Thursday, November 21, 2013

Christians moving ahead on marriage, leaving their churches behind

An excellent article in the American Prospect on the Gay Awakening:
Schaeffer's trial.... has highlighted the growing divide among the faithful over homosexuality. It's a rift that extends across denominations. Except for the Episcopal Church, which recognized same-sex unions in 2009 and ordains openly gay and lesbian priests, the leadership of the country's major Christian denominations has presented a solid front against the spread of same-sex marriage across the country. Further down the totem pole, churches are moving on without their leadership. According to a forthcoming report from the National Congregations Study at Duke University, the number of congregations allowing openly gay and lesbian members has increased from 38 to 48 percent since 2006. Twenty-seven percent of churches gave gay and lesbian congregants leadership roles in the same timeframe—an 8 percent jump. 
"Things don't change that much in religion—there's a lot of stability," says Mark Chaves, a sociologist at Duke and one of the researchers behind the study. "This is one of the biggest jumps on a specific subject we've seen since we first started collecting data in 1998." Indeed, while public support for same-sex marriage shot up in the last ten years—in 2003,.... But those who study religious opinion say the trend line among the faithful began to shoot up between 2008 and 2009. "The sea change has hit among religious organizations," says Robert Jones, CEO of the Public Religion Research Institute (PRRI), a think tank in Washington, D.C. "Overall, what we're seeing are the changes in American culture broadly reflected in attitudes of religious Americans as well."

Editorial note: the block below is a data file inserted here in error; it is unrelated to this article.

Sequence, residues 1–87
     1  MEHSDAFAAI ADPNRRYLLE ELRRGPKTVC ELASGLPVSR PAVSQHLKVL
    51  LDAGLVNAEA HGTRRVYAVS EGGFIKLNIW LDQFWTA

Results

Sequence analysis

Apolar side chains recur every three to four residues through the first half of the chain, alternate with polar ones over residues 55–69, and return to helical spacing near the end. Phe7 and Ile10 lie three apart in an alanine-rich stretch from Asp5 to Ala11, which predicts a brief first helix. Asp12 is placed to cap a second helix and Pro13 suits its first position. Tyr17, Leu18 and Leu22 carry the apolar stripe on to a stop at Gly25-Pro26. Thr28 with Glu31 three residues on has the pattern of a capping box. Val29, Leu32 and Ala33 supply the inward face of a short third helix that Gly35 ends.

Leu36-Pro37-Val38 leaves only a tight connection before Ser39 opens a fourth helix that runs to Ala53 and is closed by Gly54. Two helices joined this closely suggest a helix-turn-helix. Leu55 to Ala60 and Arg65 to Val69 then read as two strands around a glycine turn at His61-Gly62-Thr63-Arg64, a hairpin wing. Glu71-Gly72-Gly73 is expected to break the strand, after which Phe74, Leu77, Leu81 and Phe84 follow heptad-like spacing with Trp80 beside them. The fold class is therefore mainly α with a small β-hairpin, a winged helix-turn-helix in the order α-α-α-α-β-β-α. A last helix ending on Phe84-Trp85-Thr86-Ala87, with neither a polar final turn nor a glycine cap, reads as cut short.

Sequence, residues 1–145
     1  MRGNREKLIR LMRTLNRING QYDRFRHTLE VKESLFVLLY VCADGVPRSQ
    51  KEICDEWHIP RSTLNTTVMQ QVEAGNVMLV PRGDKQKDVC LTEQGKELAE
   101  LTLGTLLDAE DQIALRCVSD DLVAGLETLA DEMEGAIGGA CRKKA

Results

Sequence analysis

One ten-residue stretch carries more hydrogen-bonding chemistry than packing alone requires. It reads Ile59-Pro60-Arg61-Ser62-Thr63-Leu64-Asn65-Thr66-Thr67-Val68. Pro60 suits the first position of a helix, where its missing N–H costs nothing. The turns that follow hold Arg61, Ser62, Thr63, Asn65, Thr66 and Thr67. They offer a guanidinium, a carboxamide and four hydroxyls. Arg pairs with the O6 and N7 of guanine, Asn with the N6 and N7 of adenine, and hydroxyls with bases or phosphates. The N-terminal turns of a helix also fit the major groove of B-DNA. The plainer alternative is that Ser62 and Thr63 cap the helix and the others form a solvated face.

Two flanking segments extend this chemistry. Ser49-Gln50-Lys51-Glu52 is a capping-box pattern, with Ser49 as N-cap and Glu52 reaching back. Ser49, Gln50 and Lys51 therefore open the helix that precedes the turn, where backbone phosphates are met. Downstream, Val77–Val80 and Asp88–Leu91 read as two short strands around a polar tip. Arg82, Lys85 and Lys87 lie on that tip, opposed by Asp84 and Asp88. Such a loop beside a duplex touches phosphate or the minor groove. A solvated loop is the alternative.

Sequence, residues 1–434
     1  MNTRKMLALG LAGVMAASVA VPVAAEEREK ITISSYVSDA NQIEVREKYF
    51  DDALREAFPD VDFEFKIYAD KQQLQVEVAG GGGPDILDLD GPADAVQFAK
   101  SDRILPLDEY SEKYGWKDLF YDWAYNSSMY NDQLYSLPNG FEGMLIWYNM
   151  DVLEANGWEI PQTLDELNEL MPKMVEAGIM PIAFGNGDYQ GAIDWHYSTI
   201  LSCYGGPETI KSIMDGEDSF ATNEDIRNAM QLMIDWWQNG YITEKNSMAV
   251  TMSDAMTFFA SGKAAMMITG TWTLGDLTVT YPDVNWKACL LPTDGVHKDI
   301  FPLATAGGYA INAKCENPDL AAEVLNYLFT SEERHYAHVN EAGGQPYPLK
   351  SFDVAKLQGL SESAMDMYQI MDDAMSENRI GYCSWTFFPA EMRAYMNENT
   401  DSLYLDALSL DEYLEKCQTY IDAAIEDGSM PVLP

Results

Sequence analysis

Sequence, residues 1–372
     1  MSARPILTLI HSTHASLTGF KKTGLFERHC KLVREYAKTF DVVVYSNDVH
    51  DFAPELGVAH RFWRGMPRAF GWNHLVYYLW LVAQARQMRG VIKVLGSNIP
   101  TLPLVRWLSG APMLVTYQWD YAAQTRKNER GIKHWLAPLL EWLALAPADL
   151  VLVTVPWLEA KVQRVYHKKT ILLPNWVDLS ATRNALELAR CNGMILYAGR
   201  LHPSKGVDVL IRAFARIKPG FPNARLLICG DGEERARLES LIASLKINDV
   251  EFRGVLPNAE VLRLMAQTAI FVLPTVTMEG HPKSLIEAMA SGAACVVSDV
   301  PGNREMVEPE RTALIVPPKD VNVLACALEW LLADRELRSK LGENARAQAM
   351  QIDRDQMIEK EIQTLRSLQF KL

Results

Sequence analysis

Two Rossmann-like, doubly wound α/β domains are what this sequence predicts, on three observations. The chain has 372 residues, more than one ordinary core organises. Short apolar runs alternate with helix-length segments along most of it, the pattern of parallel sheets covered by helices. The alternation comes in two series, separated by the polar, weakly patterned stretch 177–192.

With the rift in the pews growing, the big question for religious institutions is whether the issue will lead to denominational splits as it did with slavery, which cleaved the Baptist Church and many other protestant denominations in two. A similar breakup occurred in the early 20th century over the doctrinal issue of Biblical inerrancy—the idea that the Bible contains the perfectly preserved word of God. Jones says that whether churches see similar schisms over same-sex marriage depends on how persistent the divide is. Given how quickly attitudes are changing, he thinks such a largescale schism is unlikely. "When you have big splits, the issue has to sit around for a while," he says. "But the issue is moving too quickly to produce settled coalitions that are facing off."
So, to those who continue to claim that faithful Christians and supporters of gay rights are mutually exclusive:   you are wrong.  LGBT Christians and their allies are finding their voices, and working to effect change.  It behooves us to highlight their support, because they are the biggest counter to the religious conservatives who claim that their faith makes them oppress us.

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